In some embodiments, the communication module 180 may further comprise a wireless repeater (not shown, may al so be referred to as a wireless range extender). The wireless repeater is configured to receive a wireless signal from a wireless router (or another network device) in the user's network 110 and rebroadcast the signal. Wireless devices that are not within the broadcast range of the wireless router, or that only weakly receive the wireless signal from the wireless router, may receive the rebroadcast signal from the wireless repeater of the communication module 180, and may thus connect to the user's network 110 through the floodlight controller 100. In some embodiments, the wireless repeater may include one or more transceiver modules (not shown) capable of transmitting and receiving data, and using, for example, one or more protocols and/or technologies, such as Wi-Fi (IEEE 802.11), WiMAX (IEEE 802.16), or any other protocol and/or technology.

With further reference to FIG. 3, when a visitor (or intruder) who is present in the area about the floodlight controller 100 speaks, audio from the visitor (or intruder) is received by the microphone(s) 106 and compressed by the audio CODEC 166. Digital audio data is then sent through the communication module 180 to the network 112 (FIG. 1) via the user's network 110, routed by the server 118 and/or the API 120, and delivered to the user's client device 114. When the user speaks, after being transferred through the network 112, the user's network 110, and the communication module 180, the digital audio data from the user is decompressed by the audio CODEC 166 and emitted to the visitor through the speaker 108, which may be driven by a speaker 108 driver (not shown).

With further reference to FIG. 3, the button 182 is operatively coupled to the processor 162. The button 182 may have one or more functions, such as changing an operating mode of the floodlight controller 100 and/or triggering a reset of the floodlight controller 100. For example, when the button 182 is pressed and released, it may cause the communication module 180 of the floodlight controller 100 to enter access point (AP) mode, which may facilitate connecting the floodlight controller 100 to the user's network 110. Alternatively, or in addition, when the button 182 is pressed and held down for at least a threshold amount of time, it may trigger the erasing of any data stored at the volatile memory 176 and/or at the non-volatile memory 178, and/or may trigger a reboot of the processor 162.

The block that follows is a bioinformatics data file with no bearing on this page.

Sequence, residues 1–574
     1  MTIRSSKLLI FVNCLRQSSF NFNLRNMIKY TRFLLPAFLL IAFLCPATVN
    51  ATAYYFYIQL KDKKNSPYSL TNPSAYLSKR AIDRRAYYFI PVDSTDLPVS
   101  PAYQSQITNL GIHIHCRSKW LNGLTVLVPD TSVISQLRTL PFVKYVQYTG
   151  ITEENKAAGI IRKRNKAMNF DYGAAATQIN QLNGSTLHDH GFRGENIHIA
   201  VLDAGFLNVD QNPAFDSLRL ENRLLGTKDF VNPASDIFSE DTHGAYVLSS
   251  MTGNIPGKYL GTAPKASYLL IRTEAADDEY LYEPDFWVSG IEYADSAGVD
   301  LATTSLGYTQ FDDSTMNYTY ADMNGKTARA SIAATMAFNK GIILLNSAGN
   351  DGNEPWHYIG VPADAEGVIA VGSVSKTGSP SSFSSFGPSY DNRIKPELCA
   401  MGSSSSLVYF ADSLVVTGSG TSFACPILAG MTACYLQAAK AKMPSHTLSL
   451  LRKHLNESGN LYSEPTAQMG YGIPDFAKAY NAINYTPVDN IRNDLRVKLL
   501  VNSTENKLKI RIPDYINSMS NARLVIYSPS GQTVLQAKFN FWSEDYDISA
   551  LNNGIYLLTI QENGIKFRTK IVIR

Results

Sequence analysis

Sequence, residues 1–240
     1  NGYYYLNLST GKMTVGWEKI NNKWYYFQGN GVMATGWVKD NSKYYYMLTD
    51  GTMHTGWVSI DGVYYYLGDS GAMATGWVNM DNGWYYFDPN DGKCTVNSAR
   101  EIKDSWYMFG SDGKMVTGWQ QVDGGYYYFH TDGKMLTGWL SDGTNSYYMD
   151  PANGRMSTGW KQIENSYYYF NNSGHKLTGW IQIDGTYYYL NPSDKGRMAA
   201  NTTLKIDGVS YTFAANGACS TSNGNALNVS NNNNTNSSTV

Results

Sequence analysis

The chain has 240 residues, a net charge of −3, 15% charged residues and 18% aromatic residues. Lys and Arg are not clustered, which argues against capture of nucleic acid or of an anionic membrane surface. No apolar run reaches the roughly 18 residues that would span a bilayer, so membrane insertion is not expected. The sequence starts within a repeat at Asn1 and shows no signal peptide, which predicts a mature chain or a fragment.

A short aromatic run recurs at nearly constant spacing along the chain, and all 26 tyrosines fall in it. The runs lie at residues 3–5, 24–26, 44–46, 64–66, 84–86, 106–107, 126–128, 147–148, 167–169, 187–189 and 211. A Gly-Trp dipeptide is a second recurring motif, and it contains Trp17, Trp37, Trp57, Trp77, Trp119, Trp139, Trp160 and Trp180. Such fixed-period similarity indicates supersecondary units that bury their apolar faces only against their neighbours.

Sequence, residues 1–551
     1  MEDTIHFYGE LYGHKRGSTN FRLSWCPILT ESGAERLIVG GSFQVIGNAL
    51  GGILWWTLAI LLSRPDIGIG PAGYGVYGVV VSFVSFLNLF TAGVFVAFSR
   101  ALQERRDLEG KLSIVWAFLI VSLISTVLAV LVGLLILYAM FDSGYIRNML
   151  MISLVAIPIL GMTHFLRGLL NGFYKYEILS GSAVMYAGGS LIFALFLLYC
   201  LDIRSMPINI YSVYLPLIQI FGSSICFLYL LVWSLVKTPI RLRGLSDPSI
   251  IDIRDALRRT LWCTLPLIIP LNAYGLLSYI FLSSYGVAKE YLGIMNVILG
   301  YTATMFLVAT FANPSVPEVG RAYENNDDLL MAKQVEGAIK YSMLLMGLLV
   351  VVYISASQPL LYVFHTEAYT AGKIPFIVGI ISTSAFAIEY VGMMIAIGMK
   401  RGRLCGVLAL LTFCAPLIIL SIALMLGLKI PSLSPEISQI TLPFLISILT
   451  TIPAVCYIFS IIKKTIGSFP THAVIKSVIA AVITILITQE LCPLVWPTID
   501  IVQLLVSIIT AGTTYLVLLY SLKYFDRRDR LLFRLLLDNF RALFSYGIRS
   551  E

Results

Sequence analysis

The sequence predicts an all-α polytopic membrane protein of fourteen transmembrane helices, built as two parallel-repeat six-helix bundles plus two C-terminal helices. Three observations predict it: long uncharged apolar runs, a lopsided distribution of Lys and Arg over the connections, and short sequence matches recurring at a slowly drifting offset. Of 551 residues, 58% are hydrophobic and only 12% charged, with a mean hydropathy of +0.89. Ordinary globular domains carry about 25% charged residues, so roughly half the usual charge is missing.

With reference to FIG. 4, the floodlight controller 100 comprises a housing 200 for containing and protecting the interior components of the floodlight controller 100. The housing 200 includes a front wall 202, a rear wall 204, opposing side walls 206, 208, an upper wall 210, and a tapered lower portion 212. With reference to FIGS. 4 and 5, the front wall 202 includes a central opening 214 (FIG. 5) that receives an upper shield 216 and a lower grill 218 (FIG. 4). In the illustrated embodiment, front surfaces of the upper shield 216 and the lower grill 218 are substantially flush with a front surface of the front wall 202, but in alternative embodiments these surfaces may not be flush with one another. With reference to FIG. 4, the upper shield 216 is substantially rectangular, and includes a semicircular indentation 220 along its lower edge 222. The lower grill 218 is substantially rectangular, and includes a semicircular indentation 224 along its upper edge 226. Together, the semicircular indentations 220, 224 in the upper shield 216 and the lower grill 218 form a circular opening 228 that accommodates a light pipe 230. A cover 232 extends across and closes an outer open end of the light pipe 230. The upper shield 216, the lower grill 218, the light pipe 230, and the cover 232 are all described in further detail below.